Ashwin and Siraj keep India’s hopes alive in the second Test as the West Indies use a negative batting strategy.

As a defensive measure, pacer Mohammed Siraj made the old ball talk, while expert off-spinner Ravichandran Ashwin unleashed a peach of a delivery. On a third day of the second Test here marred by rain, the West Indies stumbled their way to 229 for 5 against India.

On the third day, only 67 overs were feasible due to West Indies hitters seeking a draw and only scoring 143 runs. They are still 209 runs short of India’s staggering 438-run first inning total. The Indian bowlers didn’t let up, though, as Mohammed Siraj bowled a flawless in-cutter to dismiss Joshua Da Silva at the first sign of rain to conclude the day on an even keel on the flattest of tracks. Ravichandran Ashwin also bowled the “ball of the series” for India.

Before the No. 1 Test bowler in the world, Ashwin, took center stage with a miraculous event that put the Indian camp back in a good mood, Windies captain Kraigg Brathwaite (75 off 235 balls) used his extraordinary skills of concentration to delay the Indian attack on an uninteresting track. Since the batters on the home team were overly cautious and the pitch was lifeless, a draw seemed inevitable.

After putting in nearly 73 overs on a surface that is best described as “dead,” Ashwin (33-10, 61-1) bowled a delivery with enough flight and inward drift to get Kraigg Brathwaite to plant his front foot for the countless number of defensive prods. He was horrified as the ball, an off-spinner’s fantasy delivery, suddenly spun and struck the stumps between the bat and glove.

The one mistake Brathwaite made was moving his bat away from his pad rather than keeping it close. The ball was able to take full advantage of the gap as a result. When Brathwaite and an equally sluggish Jermaine Blackwood (20 off 92 balls) took their ultra-defensive “A” game to the fore in the post-lunch session, they added only 40 runs in 21 overs.

Indian bowlers were left high and dry after the first session was lost to rain, in large part because the track did not exhibit significant wear and tear. Defending wasn’t difficult, as evidenced by left-arm spinner Ravindra Jadeja’s stats at that point (25-10-37-2) and the fact that he scarcely bowled any wicket-taking deliveries in the post-lunch session.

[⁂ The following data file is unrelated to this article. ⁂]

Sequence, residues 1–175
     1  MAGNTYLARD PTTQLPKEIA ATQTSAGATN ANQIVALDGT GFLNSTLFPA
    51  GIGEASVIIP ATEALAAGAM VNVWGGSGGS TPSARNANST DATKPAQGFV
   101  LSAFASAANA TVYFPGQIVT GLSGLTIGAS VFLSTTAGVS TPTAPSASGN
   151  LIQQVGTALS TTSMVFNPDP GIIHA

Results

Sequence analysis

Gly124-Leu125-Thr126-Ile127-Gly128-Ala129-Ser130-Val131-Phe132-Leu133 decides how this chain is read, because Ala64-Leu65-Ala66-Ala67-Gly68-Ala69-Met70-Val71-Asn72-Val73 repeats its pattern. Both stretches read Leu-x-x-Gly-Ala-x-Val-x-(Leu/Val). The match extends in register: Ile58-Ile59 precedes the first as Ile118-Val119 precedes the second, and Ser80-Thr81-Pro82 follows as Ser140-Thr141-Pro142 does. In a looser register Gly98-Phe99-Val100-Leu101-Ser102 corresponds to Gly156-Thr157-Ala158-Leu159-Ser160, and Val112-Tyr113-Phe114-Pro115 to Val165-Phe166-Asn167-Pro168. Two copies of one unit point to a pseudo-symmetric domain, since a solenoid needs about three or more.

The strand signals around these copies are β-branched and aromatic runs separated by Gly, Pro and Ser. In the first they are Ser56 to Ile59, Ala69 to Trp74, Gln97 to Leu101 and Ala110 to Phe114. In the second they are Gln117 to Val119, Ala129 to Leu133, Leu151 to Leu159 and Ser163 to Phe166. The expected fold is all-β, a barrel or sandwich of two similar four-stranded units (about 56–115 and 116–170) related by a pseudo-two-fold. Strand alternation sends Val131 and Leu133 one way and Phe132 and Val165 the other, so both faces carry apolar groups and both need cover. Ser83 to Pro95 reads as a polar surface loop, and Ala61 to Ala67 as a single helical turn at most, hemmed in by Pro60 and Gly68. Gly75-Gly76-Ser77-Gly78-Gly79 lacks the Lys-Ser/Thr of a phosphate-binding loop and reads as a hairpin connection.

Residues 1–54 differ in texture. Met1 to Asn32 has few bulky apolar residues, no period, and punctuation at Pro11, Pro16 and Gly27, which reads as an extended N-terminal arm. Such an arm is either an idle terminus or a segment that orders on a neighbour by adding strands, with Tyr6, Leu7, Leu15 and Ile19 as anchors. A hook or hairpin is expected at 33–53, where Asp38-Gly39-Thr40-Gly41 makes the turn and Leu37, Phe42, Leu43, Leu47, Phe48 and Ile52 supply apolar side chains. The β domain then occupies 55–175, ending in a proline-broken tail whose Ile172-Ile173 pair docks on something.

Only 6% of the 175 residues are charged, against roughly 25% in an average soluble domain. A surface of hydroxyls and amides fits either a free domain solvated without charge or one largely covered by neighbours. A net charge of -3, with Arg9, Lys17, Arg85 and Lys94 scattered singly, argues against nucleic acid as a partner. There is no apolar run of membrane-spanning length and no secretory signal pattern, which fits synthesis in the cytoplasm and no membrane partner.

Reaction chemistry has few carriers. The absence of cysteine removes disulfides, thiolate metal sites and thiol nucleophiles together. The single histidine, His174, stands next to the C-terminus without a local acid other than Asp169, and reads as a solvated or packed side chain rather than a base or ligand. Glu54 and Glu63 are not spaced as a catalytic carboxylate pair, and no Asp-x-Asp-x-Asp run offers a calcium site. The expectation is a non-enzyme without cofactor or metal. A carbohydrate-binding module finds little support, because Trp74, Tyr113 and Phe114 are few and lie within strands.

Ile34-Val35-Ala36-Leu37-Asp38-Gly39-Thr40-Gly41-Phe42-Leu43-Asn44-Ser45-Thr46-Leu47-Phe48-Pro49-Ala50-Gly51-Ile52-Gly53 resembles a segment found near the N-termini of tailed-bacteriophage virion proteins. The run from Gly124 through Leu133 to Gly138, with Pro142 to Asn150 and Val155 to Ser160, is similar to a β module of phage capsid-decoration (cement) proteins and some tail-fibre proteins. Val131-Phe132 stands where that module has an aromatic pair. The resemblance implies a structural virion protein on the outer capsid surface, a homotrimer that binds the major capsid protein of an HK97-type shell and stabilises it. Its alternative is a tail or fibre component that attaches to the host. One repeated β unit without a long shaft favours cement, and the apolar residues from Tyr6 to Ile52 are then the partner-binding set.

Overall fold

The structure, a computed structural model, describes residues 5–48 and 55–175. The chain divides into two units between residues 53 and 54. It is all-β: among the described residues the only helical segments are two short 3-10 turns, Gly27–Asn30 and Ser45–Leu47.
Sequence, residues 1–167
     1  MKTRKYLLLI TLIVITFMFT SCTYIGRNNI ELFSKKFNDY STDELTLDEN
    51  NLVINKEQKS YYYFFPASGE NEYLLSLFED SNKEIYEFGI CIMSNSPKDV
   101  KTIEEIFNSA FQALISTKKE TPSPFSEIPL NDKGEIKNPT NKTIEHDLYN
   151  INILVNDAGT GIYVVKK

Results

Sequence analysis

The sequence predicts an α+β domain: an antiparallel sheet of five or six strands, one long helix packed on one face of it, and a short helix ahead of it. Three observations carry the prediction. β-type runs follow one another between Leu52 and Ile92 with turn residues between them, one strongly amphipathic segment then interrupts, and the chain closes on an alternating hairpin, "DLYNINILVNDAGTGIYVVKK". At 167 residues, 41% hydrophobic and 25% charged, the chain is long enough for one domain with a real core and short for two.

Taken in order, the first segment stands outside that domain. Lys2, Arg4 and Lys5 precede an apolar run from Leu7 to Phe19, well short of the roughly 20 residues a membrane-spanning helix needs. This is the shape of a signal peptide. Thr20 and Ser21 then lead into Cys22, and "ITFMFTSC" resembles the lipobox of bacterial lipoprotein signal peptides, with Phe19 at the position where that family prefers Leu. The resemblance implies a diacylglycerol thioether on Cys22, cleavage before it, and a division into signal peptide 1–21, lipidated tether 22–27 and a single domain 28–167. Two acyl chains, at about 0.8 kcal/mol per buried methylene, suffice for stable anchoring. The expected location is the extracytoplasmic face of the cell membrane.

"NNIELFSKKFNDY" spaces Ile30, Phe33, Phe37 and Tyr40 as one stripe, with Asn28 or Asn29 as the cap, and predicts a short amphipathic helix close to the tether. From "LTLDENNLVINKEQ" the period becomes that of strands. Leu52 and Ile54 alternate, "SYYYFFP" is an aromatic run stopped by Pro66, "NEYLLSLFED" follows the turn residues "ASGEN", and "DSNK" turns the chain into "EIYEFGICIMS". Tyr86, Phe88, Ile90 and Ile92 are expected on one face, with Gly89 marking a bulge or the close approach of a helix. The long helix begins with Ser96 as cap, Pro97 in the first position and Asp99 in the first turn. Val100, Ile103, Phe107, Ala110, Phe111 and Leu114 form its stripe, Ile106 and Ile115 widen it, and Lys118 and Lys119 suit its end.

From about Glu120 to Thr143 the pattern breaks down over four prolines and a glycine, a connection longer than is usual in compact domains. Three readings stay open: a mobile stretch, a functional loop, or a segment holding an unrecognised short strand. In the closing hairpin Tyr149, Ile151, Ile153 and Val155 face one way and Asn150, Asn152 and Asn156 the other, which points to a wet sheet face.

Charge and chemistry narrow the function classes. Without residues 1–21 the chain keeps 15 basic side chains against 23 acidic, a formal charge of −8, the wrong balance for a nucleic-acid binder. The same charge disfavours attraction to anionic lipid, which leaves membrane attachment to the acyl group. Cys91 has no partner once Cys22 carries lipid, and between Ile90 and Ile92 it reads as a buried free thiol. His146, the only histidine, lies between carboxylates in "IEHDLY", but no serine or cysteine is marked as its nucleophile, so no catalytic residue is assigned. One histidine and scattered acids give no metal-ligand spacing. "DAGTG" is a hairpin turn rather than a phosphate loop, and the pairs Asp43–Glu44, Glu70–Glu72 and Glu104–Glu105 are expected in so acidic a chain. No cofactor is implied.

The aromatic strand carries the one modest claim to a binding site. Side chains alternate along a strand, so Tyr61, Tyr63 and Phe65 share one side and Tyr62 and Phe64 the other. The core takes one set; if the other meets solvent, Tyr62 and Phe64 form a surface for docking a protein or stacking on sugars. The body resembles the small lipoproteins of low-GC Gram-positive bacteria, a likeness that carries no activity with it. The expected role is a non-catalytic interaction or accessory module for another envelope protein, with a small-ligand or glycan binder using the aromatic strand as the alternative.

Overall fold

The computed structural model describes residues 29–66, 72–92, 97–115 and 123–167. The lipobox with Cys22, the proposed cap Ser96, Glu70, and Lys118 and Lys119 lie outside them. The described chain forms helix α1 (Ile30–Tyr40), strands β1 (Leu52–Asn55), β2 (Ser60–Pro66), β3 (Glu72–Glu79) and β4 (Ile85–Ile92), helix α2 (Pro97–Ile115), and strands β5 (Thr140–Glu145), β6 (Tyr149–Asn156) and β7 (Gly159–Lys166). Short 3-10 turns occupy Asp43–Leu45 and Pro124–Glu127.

Infuriated moments were also experienced by Ravichandran Ashwin after he overflew a couple deliveries and was sent to the boundary. Jermaine Blackwood attempted to jab at a delivery that took the outside edge of his blade, but Jadeja had a gun-slip fielder in the form of Ajinkya Rahane, who clung onto a stunner diving to his left to send back Jermaine Blackwood.

The skipper, Rohit Sharma, continued to bowl with the old ball even though the new ball was available because Jaydev Unadkat (0/42 in 16 overs) had some success with reverse-swing but not much. However, Mohammed Siraj (20-6-48-1) was the one to bowl one with a shaky seam as the beaten side veered in after pitching to dismiss Joshua Da Silva.

Kirk McKenzie (32 off 57 balls), a fellow rookie, was Mukesh Kumar’s first wicket during the morning session as compensation for his nagging channel bowling. McKenzie edged Mukesh’s delivery to Ishan Kishan for a legal catch after he bowled a line that was either directly on the off stump or slightly outside of it. McKenzie, who had four boundaries and a six during his time at the crease, appeared to be in great shape.

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